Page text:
April 20, 2018 Blog, Special Education

A Truly Inclusive Classroom: Q&A with Karime Asaf

When Karime Asaf came to Moos Elementary School six years ago, she said it was a “good opportunity for us to reshape, transform and reimagine what the school needed to be moving forward.” We spoke with Karime about her re-imagined special education program, and her vision for Moos.

The Fund: Moos has a full inclusion model for special education services. Why was that important for you to introduce?

Karime Asaf: One of our students named Erin* taught us about how and why having an inclusion model is important. That little girl transformed our classrooms here. Erin is a student with an Individualized Education Program (IEP) for autism who could have qualified for a blended program in a separate school. In Kindergarten, she was not able to stay in school for more than two hours at a time, a few times a week. She could not stand being around other children. We tried having her in a separate resource setting, thinking “she needs a lot of support.” It’s what we’d been trained to believe special education services should look like. We were taught that if students need more support, they should be pulled out of the general classroom. She would climb on desks, scream and go into a panic all of the time. We didn’t put one and one together – that Erin’s tantrums were caused by having to transition to and from the resource classroom.

When Erin came back to try first grade with us, we decided to pilot a full inclusion model. Her special education teacher went to training for inclusion and starting coming in the classroom instead of taking Erin out. We saw amazing changes in Erin. Her behavioral issues have been minimized to almost non-existent and she self-regulates. She’s reading at grade level! Her life is changed because we kept her at Moos and integrated her in an inclusion setting, and now we’re making inclusion the standard at Moos.

The Fund: What does inclusion look like at Moos?

KA: We have co-teaching models with two teachers attending to one group of students in most grade levels. Both teachers are in charge of all of the students in the classroom. We see each classroom as one cohesive group of students — you really cannot tell who is a diverse learner. The model looks different based on student need. The two teachers might be working together, and at some point through formative assessment, discover there may be six students who need additional practice with one of the skills. Those students then go to another classroom or step out in to the hallway to get a mini-lesson or extra practice. Then they return to the main classroom seamlessly. We demystify the whole idea of IEPs, special education and who gets pulled out. Pull-outs look different for each lesson depending on what the students need.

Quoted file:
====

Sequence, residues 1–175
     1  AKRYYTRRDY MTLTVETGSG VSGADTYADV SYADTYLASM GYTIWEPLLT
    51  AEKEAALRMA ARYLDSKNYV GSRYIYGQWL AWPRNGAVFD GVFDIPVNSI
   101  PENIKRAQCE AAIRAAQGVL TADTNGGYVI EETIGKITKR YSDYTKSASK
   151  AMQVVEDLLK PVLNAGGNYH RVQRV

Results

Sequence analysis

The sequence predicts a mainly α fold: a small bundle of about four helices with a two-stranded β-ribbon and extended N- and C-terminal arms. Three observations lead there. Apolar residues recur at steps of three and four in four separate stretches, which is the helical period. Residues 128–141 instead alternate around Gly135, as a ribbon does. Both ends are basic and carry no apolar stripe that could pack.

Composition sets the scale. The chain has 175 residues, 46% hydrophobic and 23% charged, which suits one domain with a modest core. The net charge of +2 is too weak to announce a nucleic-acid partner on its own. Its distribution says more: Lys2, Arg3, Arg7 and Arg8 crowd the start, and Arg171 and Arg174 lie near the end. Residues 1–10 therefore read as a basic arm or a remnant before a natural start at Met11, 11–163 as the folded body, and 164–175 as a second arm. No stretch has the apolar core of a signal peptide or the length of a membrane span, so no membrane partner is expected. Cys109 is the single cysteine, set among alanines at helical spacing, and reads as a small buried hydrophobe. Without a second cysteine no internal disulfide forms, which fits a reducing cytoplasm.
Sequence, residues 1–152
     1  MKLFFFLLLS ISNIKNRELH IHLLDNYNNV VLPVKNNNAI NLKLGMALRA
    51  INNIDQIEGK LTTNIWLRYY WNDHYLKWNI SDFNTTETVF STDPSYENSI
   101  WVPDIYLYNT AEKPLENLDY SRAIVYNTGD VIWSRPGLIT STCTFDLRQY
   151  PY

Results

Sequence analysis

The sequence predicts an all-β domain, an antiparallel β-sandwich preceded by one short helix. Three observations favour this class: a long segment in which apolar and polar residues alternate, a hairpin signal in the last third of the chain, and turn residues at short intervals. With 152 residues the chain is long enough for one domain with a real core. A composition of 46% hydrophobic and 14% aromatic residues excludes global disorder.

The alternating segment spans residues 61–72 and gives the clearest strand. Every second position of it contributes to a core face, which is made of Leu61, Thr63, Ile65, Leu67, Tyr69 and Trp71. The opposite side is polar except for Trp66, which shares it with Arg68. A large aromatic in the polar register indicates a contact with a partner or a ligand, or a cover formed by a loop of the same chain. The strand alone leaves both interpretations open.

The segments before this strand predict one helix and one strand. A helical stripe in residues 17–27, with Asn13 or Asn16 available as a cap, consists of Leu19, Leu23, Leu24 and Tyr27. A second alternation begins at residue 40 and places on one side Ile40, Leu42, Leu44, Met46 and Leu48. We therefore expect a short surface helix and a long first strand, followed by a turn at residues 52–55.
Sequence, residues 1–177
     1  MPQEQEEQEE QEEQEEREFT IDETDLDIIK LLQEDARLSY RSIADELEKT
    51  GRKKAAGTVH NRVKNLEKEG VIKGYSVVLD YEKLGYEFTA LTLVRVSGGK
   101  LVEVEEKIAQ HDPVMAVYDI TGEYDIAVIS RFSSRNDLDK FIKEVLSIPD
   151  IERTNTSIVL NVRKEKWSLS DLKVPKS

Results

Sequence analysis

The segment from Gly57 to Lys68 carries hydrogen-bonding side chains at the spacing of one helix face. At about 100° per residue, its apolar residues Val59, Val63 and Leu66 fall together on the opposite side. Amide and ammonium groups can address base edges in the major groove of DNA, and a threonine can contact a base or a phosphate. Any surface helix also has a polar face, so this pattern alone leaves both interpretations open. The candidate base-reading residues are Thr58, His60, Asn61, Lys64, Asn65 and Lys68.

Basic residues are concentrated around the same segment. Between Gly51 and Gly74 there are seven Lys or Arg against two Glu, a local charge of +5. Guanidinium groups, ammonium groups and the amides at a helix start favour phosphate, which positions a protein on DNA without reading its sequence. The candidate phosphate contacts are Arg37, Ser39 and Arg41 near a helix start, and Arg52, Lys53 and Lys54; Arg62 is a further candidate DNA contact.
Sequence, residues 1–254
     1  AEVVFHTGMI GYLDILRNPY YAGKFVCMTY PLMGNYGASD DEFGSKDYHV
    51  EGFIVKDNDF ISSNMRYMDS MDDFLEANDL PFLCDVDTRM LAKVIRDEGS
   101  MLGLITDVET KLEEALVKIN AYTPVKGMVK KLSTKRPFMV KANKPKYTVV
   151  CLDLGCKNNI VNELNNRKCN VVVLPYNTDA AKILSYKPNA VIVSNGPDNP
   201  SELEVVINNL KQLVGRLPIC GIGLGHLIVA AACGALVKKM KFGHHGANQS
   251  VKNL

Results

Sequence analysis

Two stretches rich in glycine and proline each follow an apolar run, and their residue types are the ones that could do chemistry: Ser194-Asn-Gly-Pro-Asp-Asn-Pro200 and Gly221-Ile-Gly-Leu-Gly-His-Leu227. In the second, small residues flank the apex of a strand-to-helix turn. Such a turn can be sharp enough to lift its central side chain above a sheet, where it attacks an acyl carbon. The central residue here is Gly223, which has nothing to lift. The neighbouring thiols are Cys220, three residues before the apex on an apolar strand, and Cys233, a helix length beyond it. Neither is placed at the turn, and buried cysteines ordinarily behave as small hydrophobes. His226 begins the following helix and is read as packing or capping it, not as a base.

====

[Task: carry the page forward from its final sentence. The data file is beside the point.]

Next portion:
The Fund: What benefits have you seen for students through the inclusion model?

KA: Right now we’re analyzing student outcome data, and we’re finding that students grow exponentially in inclusive settings. When you exclude students with IEPs, a lot of bad things happen for their academic progress and their social-emotional development.

We see this in the daily experiences we have with children. The students with IEPs who were excluded have the most difficulty reintegrating with their general education peers. They’ve implicitly learned that they are “special ed.” They learned that they have an IEP and are not always capable of doing things that their general education peers can. They have learned helplessness. They walk around knowing, acting, thinking and existing as people with disabilities. They think, “This is how I’ll always be.” In an inclusive setting, we are able to change those negative thoughts and focus on the beauty of our differences.

The Fund: How have you overcome some of the barriers to full inclusion?

KA: I know it really starts with the principal. It starts with the mindset of people in charge of hiring and in charge of scheduling. It’s easy for a principal to believe that they can’t do at least some inclusion in their school because it’s costly. Sometimes it is, but sometimes it’s as simple as thinking, “I’m going to do this, and I’m going to make it fit.” It’s about prioritizing and thinking about what we are trying to do for children to bring civility to communities and the idea of social justice. Removing students does nothing but keep them behind and keep them in a perpetual special education placement. We’re hoping that some of our students with IEPs will be able to exit special education by the time they leave Moos. That’s a goal, and it’s going to be a lot easier to get there with an inclusive model.

*Name changed